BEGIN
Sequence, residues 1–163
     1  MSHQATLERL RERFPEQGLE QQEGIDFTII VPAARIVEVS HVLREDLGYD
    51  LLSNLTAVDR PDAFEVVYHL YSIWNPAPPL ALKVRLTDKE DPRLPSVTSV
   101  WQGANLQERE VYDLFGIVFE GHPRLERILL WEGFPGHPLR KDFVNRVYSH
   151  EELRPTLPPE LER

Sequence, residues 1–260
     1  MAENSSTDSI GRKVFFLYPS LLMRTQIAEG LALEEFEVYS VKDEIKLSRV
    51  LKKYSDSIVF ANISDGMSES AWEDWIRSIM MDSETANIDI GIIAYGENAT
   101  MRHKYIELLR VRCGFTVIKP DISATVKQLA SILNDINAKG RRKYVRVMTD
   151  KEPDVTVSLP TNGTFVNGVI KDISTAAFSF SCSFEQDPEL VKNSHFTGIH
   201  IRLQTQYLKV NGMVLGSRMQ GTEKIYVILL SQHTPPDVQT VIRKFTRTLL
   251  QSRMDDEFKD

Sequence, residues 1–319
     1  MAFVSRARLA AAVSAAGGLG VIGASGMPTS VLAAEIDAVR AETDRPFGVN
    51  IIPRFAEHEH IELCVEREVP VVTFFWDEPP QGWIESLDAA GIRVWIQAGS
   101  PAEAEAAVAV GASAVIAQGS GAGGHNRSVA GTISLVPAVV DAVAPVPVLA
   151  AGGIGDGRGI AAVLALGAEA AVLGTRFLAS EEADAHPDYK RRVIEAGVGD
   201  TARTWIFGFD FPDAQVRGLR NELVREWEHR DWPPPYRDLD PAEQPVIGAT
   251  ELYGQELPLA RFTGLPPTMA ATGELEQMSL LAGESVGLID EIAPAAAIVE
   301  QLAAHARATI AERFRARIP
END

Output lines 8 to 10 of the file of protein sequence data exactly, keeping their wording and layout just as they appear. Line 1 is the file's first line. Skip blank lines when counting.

    51  LKKYSDSIVF ANISDGMSES AWEDWIRSIM MDSETANIDI GIIAYGENAT
   101  MRHKYIELLR VRCGFTVIKP DISATVKQLA SILNDINAKG RRKYVRVMTD
   151  KEPDVTVSLP TNGTFVNGVI KDISTAAFSF SCSFEQDPEL VKNSHFTGIH